Two sample z test  overview
This page offers structured overviews of one or more selected methods. Add additional methods for comparisons by clicking on the dropdown button in the righthand column. To practice with a specific method click the button at the bottom row of the table
Two sample $z$ test  $z$ test for a single proportion 


Independent/grouping variable  Independent variable  
One categorical with 2 independent groups  None  
Dependent variable  Dependent variable  
One quantitative of interval or ratio level  One categorical with 2 independent groups  
Null hypothesis  Null hypothesis  
H_{0}: $\mu_1 = \mu_2$
$\mu_1$ is the population mean for group 1, $\mu_2$ is the population mean for group 2  H_{0}: $\pi = \pi_0$
$\pi$ is the population proportion of 'successes'; $\pi_0$ is the population proportion of successes according to the null hypothesis  
Alternative hypothesis  Alternative hypothesis  
H_{1} two sided: $\mu_1 \neq \mu_2$ H_{1} right sided: $\mu_1 > \mu_2$ H_{1} left sided: $\mu_1 < \mu_2$  H_{1} two sided: $\pi \neq \pi_0$ H_{1} right sided: $\pi > \pi_0$ H_{1} left sided: $\pi < \pi_0$  
Assumptions  Assumptions  

 
Test statistic  Test statistic  
$z = \dfrac{(\bar{y}_1  \bar{y}_2)  0}{\sqrt{\dfrac{\sigma^2_1}{n_1} + \dfrac{\sigma^2_2}{n_2}}} = \dfrac{\bar{y}_1  \bar{y}_2}{\sqrt{\dfrac{\sigma^2_1}{n_1} + \dfrac{\sigma^2_2}{n_2}}}$
$\bar{y}_1$ is the sample mean in group 1, $\bar{y}_2$ is the sample mean in group 2, $\sigma^2_1$ is the population variance in population 1, $\sigma^2_2$ is the population variance in population 2, $n_1$ is the sample size of group 1, $n_2$ is the sample size of group 2. The 0 represents the difference in population means according to the null hypothesis. The denominator $\sqrt{\frac{\sigma^2_1}{n_1} + \frac{\sigma^2_2}{n_2}}$ is the standard deviation of the sampling distribution of $\bar{y}_1  \bar{y}_2$. The $z$ value indicates how many of these standard deviations $\bar{y}_1  \bar{y}_2$ is removed from 0. Note: we could just as well compute $\bar{y}_2  \bar{y}_1$ in the numerator, but then the left sided alternative becomes $\mu_2 < \mu_1$, and the right sided alternative becomes $\mu_2 > \mu_1$.  $z = \dfrac{p  \pi_0}{\sqrt{\dfrac{\pi_0(1  \pi_0)}{N}}}$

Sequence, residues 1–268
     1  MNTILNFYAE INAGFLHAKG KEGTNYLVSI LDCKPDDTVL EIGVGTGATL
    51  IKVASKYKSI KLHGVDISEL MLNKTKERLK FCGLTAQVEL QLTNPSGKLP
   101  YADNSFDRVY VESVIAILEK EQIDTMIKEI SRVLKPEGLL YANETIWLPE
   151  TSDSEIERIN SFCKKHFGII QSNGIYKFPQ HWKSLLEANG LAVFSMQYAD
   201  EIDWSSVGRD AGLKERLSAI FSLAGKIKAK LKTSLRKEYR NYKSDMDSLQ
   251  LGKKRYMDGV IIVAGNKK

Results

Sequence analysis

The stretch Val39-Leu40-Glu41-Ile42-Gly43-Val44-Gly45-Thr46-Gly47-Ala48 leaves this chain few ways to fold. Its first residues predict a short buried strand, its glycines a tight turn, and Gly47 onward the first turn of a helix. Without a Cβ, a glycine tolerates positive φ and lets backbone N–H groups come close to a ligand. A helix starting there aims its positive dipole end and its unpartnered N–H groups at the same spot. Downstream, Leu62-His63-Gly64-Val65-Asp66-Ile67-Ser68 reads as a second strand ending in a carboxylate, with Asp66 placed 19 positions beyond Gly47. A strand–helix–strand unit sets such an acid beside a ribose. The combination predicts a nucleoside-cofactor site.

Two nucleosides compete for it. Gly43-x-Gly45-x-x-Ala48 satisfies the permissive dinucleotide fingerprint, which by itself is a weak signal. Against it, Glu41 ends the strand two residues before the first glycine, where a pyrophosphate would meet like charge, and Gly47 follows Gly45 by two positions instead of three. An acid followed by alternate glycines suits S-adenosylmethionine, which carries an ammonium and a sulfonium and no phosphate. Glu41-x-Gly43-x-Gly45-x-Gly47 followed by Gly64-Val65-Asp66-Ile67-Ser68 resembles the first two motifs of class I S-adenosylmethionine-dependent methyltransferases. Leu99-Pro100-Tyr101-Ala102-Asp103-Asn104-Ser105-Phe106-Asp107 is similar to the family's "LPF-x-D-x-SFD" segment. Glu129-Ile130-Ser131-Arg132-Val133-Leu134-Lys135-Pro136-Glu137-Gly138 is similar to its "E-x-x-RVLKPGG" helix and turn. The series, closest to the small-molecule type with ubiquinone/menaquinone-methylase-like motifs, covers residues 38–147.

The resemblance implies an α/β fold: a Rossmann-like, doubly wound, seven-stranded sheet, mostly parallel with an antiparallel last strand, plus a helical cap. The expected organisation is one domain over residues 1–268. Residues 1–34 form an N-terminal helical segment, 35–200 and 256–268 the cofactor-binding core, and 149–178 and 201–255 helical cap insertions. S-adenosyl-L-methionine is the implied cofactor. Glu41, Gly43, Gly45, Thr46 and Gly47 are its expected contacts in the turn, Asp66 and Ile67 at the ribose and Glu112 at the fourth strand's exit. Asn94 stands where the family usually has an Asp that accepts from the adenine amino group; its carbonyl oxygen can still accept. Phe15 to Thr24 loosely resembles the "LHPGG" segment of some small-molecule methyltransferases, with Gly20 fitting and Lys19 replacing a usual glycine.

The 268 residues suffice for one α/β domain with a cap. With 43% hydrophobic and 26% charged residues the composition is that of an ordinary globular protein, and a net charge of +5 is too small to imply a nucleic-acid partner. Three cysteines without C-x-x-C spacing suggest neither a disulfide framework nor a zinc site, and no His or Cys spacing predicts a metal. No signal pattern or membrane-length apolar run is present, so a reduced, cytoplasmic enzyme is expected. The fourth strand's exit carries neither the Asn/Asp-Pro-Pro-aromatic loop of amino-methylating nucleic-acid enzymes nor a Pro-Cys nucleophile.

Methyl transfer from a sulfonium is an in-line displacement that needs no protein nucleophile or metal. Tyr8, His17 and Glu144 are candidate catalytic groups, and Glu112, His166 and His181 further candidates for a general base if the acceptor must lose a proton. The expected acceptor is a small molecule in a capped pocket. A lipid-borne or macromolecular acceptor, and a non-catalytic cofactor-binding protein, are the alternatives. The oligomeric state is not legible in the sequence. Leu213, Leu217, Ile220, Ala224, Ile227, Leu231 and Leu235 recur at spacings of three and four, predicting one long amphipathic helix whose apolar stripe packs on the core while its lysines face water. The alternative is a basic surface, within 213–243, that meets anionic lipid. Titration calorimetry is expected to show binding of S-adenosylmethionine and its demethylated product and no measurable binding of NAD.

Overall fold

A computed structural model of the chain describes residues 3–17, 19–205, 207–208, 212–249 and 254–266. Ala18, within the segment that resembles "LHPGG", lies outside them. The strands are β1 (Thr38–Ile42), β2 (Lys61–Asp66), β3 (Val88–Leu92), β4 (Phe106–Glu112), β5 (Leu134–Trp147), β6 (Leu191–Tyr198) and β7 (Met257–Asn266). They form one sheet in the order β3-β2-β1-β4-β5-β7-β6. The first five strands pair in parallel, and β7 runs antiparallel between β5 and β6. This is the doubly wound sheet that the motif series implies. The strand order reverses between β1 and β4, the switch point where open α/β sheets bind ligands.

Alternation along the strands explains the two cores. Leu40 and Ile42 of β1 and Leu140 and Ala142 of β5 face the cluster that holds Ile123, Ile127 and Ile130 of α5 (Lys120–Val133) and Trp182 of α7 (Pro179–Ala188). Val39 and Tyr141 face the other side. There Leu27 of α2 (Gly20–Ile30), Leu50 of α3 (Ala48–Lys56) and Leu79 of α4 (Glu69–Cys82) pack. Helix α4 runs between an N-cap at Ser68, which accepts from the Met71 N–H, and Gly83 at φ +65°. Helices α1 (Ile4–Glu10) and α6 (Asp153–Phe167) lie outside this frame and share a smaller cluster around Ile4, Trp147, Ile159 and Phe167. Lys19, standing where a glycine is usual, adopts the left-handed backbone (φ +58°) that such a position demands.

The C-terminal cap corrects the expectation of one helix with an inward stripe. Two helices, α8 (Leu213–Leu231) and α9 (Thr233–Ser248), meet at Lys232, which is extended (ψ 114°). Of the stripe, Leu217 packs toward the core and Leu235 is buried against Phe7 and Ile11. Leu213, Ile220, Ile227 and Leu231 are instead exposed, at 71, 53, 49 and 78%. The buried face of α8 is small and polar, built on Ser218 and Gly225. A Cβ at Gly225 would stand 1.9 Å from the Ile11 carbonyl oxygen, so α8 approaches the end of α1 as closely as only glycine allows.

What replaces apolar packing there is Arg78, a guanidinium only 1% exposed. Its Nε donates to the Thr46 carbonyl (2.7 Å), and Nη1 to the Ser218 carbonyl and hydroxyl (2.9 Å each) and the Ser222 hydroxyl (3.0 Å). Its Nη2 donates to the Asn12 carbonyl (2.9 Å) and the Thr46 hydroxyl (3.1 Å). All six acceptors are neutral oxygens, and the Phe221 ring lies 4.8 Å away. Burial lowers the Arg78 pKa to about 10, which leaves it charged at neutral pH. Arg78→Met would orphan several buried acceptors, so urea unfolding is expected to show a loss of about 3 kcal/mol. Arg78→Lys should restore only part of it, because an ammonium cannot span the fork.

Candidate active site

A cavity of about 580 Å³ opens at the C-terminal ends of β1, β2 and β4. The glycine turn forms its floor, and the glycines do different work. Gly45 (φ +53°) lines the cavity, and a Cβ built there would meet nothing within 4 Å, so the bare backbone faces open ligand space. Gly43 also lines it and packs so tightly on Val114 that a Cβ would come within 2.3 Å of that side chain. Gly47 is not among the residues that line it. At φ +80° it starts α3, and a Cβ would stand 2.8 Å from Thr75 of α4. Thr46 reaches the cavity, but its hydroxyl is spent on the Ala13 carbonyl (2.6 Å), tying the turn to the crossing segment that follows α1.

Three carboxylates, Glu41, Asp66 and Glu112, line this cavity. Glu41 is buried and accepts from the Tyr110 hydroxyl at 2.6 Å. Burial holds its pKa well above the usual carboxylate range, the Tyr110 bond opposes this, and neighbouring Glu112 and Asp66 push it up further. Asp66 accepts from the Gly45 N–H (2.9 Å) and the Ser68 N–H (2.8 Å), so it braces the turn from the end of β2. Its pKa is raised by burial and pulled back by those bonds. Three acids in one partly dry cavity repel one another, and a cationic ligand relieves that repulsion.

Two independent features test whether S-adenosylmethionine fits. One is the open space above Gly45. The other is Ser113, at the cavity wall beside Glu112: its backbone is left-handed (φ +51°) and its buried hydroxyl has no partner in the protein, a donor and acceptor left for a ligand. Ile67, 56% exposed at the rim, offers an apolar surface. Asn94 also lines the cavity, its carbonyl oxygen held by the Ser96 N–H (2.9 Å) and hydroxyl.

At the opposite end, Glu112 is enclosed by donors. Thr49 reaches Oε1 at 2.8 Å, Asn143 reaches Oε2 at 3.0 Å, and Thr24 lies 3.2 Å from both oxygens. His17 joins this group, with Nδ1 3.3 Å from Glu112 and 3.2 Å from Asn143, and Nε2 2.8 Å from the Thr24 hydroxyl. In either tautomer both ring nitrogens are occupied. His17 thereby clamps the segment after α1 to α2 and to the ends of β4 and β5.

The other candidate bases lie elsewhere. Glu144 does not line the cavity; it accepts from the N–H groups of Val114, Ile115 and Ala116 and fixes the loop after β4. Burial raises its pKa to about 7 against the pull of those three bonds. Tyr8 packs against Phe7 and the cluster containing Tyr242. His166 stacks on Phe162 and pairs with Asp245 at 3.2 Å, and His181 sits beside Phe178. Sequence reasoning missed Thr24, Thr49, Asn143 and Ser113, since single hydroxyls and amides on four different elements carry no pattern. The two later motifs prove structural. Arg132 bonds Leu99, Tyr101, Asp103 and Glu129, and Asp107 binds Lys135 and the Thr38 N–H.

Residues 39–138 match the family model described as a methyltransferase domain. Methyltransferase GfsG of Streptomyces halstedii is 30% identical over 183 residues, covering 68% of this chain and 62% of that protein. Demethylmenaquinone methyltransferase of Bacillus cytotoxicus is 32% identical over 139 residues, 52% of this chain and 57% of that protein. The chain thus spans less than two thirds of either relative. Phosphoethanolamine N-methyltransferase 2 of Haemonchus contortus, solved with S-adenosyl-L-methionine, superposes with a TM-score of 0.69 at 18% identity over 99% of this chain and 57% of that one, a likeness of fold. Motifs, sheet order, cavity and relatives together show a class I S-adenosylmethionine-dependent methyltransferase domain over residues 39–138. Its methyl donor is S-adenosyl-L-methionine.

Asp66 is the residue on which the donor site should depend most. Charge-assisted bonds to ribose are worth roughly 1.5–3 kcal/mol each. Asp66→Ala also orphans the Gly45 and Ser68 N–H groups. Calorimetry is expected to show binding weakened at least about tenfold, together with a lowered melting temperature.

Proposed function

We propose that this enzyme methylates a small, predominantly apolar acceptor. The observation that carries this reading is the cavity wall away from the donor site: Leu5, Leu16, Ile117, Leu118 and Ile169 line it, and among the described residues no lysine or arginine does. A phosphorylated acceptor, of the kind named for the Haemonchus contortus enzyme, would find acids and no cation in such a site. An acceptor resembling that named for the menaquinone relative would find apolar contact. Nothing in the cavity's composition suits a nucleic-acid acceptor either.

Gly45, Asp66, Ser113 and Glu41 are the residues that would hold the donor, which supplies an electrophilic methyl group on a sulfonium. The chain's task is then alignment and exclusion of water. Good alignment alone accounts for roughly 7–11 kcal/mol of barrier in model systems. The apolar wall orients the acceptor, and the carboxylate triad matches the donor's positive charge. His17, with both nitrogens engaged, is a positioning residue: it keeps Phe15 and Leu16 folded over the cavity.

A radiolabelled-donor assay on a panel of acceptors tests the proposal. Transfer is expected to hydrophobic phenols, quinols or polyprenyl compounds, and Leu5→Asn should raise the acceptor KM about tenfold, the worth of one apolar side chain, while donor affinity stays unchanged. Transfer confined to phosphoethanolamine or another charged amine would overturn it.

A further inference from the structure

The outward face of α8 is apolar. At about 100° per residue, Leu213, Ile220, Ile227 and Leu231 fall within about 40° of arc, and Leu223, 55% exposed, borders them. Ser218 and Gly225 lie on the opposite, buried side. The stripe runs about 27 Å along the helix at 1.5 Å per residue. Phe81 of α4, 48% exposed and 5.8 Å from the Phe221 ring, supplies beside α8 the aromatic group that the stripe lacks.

$p$ is the sample proportion of successes: $\dfrac{X}{N}$, $N$ is the sample size, and $\pi_0$ is the population proportion of successes according to the null hypothesis.  
Sampling distribution of $z$ if H_{0} were true  Sampling distribution of $z$ if H_{0} were true  
Standard normal distribution  Approximately the standard normal distribution  
Significant?  Significant?  
Two sided:
 Two sided:
 
$C\%$ confidence interval for $\mu_1  \mu_2$  Approximate $C\%$ confidence interval for $\pi$  
$(\bar{y}_1  \bar{y}_2) \pm z^* \times \sqrt{\dfrac{\sigma^2_1}{n_1} + \dfrac{\sigma^2_2}{n_2}}$
where $z^*$ is the value under the normal curve with the area $C / 100$ between $z^*$ and $z^*$ (e.g. $z^*$ = 1.96 for a 95% confidence interval) The confidence interval for $\mu_1  \mu_2$ can also be used as significance test.  Regular (large sample):
 
Visual representation  n.a.  
  
n.a.  Equivalent to  
 
 
Example context  Example context  
Is the average mental health score different between men and women? Assume that in the population, the standard devation of the mental health scores is $\sigma_1$ = 2 amongst men and $\sigma_2$ = 2.5 amongst women.  Is the proportion of smokers amongst office workers different from $\pi_0 = .2$? Use the normal approximation for the sampling distribution of the test statistic.  
n.a.  SPSS  
  Analyze > Nonparametric Tests > Legacy Dialogs > Binomial...
 
n.a.  Jamovi  
  Frequencies > 2 Outcomes  Binomial test
 
Practice questions  Practice questions